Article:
The Unapologetic Mathematician

Mathematics for the interested outsider

Affine Spaces

Today we’re still considering the solution set of an inhomogenous linear system a_i^jx^i=y^j and its associated homogenous system a_i^jx^i=0. Remember that we also wrote these systems in more abstract notation as Ax=y and Ax=0. The solution space to the homogenous system is the kernel \mathrm{Ker}(A), and any two solutions of the inhomogenous system differ by a vector in this subspace.

We call such a collection of points an “affine space”. We can also talk about such a thing from the inside, without seeing it as embedded in some ambient vector space as a coset. Algebraically, we characterize an affine space S as a collection of points and a function \Theta:S\times S\rightarrow V, where V is some associated vector space. The value \Theta(a,b) — also written a-b — is thought of as the “displacement vector” from b to a.

We require two properties for this map: first that \Theta(a,b)+\Theta(b,c)=\Theta(a,c); second that for every b the map a\mapsto\Theta(a,b) from S to V is a bijection. The former condition provides coherence for the interpretation as displacement vectors. The latter implements the idea that an affine space S “looks like” the associated vector space V.

Given a subspace V of a vector space W, any coset w+V is an affine space associated to V. As a degenerate case, we can consider V as a subspace of itself, and V itself is its only coset. Thus any vector space can be considered as an affine space associated to itself. In fact, since any affine space is in bijection with its associated vector space, we can get any one of them by this construction. Thus any two affine spaces associated to a given vector space are isomorphic, but not canonically so. It’s this lack of a canonical isomorphism that makes things interesting, because we can’t justify simply identifying non-canonically isomorphic spaces.

Another consequence of the bijection is that we can “add” a vector v to a point b in an affine space. Since a\mapsto\Theta(a,b) is a bijection, there must be a unique point we’ll call b+v so that \Theta(b+v,b)=v. It’s straightforward from here to show that this gives an action of the vector space V (considered as an abelian group) on the affine space S.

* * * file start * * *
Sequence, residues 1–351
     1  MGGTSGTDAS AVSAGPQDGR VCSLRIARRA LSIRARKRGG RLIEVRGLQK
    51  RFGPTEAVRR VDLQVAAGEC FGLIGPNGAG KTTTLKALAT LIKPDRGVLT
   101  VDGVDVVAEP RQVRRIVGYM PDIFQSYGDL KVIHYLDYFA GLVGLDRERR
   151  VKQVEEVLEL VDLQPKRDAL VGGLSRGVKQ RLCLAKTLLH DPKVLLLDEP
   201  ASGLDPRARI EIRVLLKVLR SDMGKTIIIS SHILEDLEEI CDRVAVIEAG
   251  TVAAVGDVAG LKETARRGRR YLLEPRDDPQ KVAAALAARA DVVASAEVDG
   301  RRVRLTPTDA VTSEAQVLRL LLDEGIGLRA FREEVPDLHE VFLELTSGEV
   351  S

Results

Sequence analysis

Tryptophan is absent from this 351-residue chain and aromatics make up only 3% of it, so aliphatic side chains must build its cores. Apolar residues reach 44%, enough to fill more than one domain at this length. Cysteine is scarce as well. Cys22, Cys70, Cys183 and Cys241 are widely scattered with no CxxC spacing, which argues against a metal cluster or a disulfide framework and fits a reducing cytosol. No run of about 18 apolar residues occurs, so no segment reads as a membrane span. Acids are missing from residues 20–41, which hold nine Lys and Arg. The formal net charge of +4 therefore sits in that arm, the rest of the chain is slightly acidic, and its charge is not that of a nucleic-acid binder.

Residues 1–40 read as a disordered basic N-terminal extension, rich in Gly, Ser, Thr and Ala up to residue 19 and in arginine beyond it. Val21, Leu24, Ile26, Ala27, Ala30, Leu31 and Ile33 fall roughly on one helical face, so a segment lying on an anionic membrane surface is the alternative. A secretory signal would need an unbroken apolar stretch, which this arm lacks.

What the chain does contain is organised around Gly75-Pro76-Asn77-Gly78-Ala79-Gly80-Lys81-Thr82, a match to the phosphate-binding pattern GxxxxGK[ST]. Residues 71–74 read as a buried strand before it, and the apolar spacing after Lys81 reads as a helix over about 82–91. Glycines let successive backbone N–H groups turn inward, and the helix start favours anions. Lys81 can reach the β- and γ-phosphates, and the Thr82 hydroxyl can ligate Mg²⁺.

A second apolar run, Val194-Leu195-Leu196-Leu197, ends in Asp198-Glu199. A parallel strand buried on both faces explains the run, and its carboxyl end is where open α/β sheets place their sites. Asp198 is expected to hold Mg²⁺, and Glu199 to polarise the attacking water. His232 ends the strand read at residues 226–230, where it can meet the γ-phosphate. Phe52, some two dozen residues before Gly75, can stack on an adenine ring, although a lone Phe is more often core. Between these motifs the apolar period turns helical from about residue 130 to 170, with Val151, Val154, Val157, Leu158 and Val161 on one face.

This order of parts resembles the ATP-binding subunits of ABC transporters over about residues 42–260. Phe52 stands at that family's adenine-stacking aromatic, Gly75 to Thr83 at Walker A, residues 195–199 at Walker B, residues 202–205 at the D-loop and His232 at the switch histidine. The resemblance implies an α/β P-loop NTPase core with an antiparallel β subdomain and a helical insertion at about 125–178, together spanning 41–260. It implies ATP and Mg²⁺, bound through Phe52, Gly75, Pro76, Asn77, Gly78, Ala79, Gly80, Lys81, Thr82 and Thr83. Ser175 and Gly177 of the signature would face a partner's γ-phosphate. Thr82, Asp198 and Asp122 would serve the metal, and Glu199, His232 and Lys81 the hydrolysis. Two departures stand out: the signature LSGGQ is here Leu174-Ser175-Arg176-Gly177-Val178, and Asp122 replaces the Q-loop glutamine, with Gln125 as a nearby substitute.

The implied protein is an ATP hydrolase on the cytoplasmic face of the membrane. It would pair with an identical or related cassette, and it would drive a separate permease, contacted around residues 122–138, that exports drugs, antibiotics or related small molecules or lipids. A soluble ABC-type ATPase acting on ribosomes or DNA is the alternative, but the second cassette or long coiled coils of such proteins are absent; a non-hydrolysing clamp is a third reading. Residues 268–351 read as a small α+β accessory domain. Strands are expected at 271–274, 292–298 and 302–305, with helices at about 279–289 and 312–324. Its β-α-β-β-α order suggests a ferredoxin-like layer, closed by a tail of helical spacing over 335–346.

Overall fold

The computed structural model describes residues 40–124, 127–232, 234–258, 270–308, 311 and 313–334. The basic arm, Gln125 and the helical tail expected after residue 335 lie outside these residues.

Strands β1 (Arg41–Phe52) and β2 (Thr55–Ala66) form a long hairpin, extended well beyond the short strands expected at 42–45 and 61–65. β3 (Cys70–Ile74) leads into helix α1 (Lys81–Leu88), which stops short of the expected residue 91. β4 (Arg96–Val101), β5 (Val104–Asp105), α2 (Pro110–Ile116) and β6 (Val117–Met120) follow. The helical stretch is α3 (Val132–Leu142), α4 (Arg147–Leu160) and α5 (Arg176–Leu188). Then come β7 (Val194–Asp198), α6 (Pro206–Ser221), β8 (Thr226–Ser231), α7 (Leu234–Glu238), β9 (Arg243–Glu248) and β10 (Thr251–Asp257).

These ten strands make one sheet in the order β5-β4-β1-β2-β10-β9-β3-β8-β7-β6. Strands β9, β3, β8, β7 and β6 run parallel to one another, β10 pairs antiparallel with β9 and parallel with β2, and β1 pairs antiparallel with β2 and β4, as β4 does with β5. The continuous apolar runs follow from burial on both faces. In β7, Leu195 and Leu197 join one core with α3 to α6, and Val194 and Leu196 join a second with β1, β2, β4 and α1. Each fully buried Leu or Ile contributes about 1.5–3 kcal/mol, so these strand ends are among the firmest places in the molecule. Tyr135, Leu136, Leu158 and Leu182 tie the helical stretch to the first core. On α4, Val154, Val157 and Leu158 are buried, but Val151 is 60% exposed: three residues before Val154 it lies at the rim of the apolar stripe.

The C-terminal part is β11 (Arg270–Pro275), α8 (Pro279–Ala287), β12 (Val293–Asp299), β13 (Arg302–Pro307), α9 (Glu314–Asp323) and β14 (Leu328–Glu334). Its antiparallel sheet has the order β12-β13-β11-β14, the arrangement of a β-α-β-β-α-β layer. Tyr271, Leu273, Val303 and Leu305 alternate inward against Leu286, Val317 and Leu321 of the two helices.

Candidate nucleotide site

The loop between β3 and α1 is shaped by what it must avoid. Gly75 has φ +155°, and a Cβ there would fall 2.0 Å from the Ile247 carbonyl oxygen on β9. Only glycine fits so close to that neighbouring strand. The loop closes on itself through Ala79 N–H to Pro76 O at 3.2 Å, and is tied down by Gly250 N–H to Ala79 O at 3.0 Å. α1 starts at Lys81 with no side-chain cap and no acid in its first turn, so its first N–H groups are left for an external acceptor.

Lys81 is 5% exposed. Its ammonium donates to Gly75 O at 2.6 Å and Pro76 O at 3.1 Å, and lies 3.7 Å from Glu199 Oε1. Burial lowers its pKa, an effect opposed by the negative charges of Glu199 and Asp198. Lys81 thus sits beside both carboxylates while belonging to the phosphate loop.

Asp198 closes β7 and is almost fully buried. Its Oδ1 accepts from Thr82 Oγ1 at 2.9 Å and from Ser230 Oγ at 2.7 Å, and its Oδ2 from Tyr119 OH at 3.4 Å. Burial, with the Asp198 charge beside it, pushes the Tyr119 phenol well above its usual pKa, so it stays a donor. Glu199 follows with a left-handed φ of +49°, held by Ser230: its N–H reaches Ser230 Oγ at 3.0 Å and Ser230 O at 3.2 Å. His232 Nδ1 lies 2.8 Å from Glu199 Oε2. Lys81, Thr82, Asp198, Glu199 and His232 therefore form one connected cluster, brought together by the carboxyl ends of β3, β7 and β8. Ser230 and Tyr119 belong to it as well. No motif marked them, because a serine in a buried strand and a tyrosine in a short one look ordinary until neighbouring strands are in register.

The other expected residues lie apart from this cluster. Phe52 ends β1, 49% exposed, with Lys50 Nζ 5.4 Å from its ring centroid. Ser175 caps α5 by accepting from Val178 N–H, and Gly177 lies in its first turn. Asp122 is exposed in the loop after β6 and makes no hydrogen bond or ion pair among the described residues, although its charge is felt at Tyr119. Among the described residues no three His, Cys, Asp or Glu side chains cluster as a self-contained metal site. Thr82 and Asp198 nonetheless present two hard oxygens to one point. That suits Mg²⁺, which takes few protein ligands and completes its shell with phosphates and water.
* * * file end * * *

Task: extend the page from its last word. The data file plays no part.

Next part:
In fact, considering an affine space in the category of V-actions, the bijection shows us that S is isomorphic to V‘s action on itself by addition. We can even use this to characterize an affine space exactly as a V-set isomorphic to V‘s action on itself. In other words, it’s a torsor for V.


July 16, 2008 - Posted by | Algebra, Linear Algebra


  1. Totally OT, but I was wondering how many years it takes to produce a competent professional mathematician. I was thinking about 12:

    c. 2 yrs focussed work in secondary school (AP classes,
    after-hours study guided by teacher, relative or
    4 years undergrad
    4 years grad
    2 years postdoc.

    Which puts it into roughly the ballpark of acquiring adult-like competence at speaking a language

    Comment by Avery Andrews | July 17, 2008 | Reply

  2. Well, actually most of my fellow graduate students where I did my Ph.D. just sort of fell into it after college. Yeah, they were smart and such in high school, and yeah they majored in math or something close. But they didn’t focus on becoming mathematicians until they decided they didn’t want to get a real job after graduating.

    Myself, I’ve been aiming at this since I became aware it was an option. So I was something like 11 or 12 at the time. And I wouldn’t say I’ve “made it” yet, given that I keep just barely finding jobs by the skin of my teeth.

    Comment by John Armstrong | July 17, 2008 | Reply

  3. How long until Mastery of the Glass Bead Game?

    In September 2007 I made a comment on the n-Category Cafe that included my hypothesis that: “there seems to be a rule of thumb that it takes an adult human being on the order of 10,000 hours of study to reach professional competence in almost any subject, from Music to Mathematics. It is no coincidence that this is how long a full-time student spends in a given university.”

    “Counterexamples have been made to my comments on the likes of Mozart (who appears to have been composing while still in utero), Gauss, Ramanujan, Terry Tao, Feynman, and Newton. Counter-counter comments were made. I’m not sure what conclusion, if any, was reached, but I still hold (perhaps more loosely) the 10,000 hour study rule.”

    “For children, the line between Play and Study is fuzzy at best. My strength and weakness as a scholar is that I still feel that I’m playing with Math, Physics, Computing, Biology, and Literature…”

    Comment by Jonathan Vos Post | July 17, 2008 | Reply

  4. […] the card game I’d like to talk about the card game Set. Why? Because the goal is to find affine lines! […]

    Pingback by Set — the card game « The Unapologetic Mathematician | July 17, 2008 | Reply

  5. […] homogenous system . If there are any solutions of the system under consideration, they will form an affine space of this […]

    Pingback by The Index of a Linear Map « The Unapologetic Mathematician | July 22, 2008 | Reply

  6. […] space that still make sense in the absence of an origin. Indeed, we can still talk about it as an affine space, where the idea of displacement vectors between points still makes sense. And these displacement […]

    Pingback by Euclidean Spaces « The Unapologetic Mathematician | September 28, 2009 | Reply

Leave a Reply

Fill in your details below or click an icon to log in: Logo

You are commenting using your account. Log Out /  Change )

Google+ photo

You are commenting using your Google+ account. Log Out /  Change )

Twitter picture

You are commenting using your Twitter account. Log Out /  Change )

Facebook photo

You are commenting using your Facebook account. Log Out /  Change )


Connecting to %s

%d bloggers like this: